Tropical pitcher plant – Nepenthes

Tropical pitcher plant belong to The genus Nepenthes  which belongs to the monotypic family , consists of 130 species and does not include natural or artificial hybrids. This genus is a carnivorous plant in the tropics of the Old World , now including Indonesia , southern China , Indochina , Malaysia , Philippines , western Madagascar , Seychelles , New Caledonia , India. , Sri Lanka , and Australia . The habitat with the most species is on the islands of Borneo and Sumatra .

Scientific classification
Dumort. (1829)
L. (1753)


Nepenthes distribution
Nepenthes distribution. source : wikipedia

Physical characteristics

This Tropical pitcher plant can reach a height of 15-20 m by climbing other plants, although there are some species that do not climb. At the tips of the leaves there are tendrils that can be modified to form pockets, which are traps used to eat their prey (eg insects , pacets , frogs ) that enter inside. [1] These bags are used to meet nutritional needs that are not available in growing habitats. [2]

Nepenthes ampullaria climbing stem
Nepenthes ampullaria climbing stem

In general, Nepenthes has three types of pouches, namely upper pouch, lower pouch, and rosette pouch. The upper bag is a pouch from an adult plant, usually funnel-shaped or cylindrical, has no wings, does not have an attractive color, the tendrils are facing backwards and can be wrapped around the branches of other plants, the upper bag more often catches flying animals such as mosquitoes or flies, pouches this species is rare or not found in some species, for example N. ampullaria. The lower pouch is a pouch produced on the part of a young plant which is usually lying on the ground, has two wings that serve as a tool for soil insects such as ants to climb up the mouth of the bag and finally plunges into the enzymatic liquid inside, while the rosette pouch has a similar shape. the same as the lower pouch, but the rosette pouch grows on the rosette-shaped leaf, examples of species that have this type of pouch are N. ampullaria and N. gracilis . Some plants sometimes secrete a central pouch that is shaped like a mixture of a lower bag and an upper bag.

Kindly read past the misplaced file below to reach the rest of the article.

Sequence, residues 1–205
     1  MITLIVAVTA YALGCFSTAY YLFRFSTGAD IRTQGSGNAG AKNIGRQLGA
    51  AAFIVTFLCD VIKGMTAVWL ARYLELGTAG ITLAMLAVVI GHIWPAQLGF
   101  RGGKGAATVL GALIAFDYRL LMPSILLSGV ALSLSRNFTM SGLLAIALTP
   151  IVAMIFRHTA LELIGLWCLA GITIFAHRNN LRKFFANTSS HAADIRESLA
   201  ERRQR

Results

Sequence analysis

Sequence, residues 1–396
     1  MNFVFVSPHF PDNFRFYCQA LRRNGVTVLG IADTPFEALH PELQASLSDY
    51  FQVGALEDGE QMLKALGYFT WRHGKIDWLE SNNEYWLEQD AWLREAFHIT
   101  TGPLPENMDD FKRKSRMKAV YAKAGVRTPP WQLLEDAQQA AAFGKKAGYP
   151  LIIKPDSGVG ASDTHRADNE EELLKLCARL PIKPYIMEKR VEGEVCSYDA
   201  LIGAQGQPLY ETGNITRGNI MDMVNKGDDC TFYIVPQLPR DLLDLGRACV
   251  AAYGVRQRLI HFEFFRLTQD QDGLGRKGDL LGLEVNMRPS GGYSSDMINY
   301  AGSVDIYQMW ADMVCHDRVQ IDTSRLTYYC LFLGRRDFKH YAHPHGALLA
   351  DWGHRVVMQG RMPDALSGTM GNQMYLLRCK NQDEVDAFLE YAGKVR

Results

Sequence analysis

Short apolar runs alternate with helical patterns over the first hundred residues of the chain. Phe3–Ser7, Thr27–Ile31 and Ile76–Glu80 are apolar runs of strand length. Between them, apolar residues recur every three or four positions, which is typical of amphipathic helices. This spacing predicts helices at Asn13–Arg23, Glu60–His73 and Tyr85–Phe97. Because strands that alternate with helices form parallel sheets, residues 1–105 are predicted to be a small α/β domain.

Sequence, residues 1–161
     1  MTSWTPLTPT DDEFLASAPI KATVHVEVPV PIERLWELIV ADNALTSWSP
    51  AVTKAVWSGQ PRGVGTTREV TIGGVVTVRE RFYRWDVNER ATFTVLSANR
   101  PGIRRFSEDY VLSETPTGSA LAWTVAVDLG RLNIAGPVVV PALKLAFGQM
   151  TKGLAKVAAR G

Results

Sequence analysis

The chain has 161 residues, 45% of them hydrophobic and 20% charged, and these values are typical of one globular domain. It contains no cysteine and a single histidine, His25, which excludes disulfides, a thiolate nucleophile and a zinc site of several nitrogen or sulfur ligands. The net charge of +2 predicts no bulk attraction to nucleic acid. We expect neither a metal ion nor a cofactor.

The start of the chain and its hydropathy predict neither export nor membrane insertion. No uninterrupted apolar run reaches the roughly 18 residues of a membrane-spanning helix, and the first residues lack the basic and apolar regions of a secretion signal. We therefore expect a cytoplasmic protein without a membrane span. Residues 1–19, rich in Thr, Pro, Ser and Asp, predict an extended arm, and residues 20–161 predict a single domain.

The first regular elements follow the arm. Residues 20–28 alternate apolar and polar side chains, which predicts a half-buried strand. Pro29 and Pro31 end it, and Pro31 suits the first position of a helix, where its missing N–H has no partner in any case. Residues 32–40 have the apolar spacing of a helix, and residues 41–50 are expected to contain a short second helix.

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About 160 species of Nepenthes are officially recognized at this time, which is a rapidly increasing number, with several new species being defined each year. [3]


This Tropical pitcher plant has a very wide distribution from the coast to the highlands, because of this Nepenthes is divided into two types, namely the highland type and the lowland type, although most species grow in the highlands. The species recorded growing at the highest altitude was N. lamii at an altitude of 3,520 m. [1] [4]

Most species grow in places with high humidity and moderate to high levels of light. Some species such as N. ampullaria grow in shady places with not too much light, while N. mirabilis grows in open areas with abundant light. The soil in which nepenthes grows is usually poor in nutrients and acidic. Some species grow in places that are highly toxic to other plants such as N. rajah which grows on soils containing heavy metals and N. albomarginata which grows on sandy beaches in zones exposed to sea water, some species grow epiphytes such as N. inermis which grows without touching the ground. [1]

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This plant grows in marginal soils poor in nutrients, especially nitrogen (such as peat soil, heath, lime soil, swamp). [5]

Symbiosis with bats

Woolly bats (genus Kerivoula ) are known to have symbiosis with pitcher plants. The bat sleeps in it while protecting itself from insects that will slip into the pitcher bag. In addition, bat droppings are also nutritious for semar bags. [6]


  1. Barthlott, W., Porembski, S., Seine, R., and Theisen, I. 2007.The Curious World of Carnivorous Plants. Portland, Oregon: Timber Press.
  2. Muhammad Mansur. Potensi Serapan CO2 Pada Beberapa Jenis Kantong Semar Dataran Rendah. Berita Biologi. Volume 16 No. 1, April 2017
  3. Clarke, CM & CC Lee 2004. Pitcher Plants of Sarawak . Natural History Publications (Borneo), Kota Kinabalu.
  4. Jebb, M.; Cheek, M. (1997). ” A skeletal revision of Nepenthes (Nepenthaceae) “. Blumea . 42 : 1–106.
  5. Muhammad Mansur. Potensi Serapan CO2 Pada Beberapa Jenis Kantong Semar Dataran Rendah. Berita Biologi. Volume 16 No. 1, April 2017
  6. Fuchs, Hannah (2013). Legowo, Vidi, ed. “The Unique Symbiosis of the Bornean Bat” . DW.DE (in English) . Retrieved 22 September 2013 .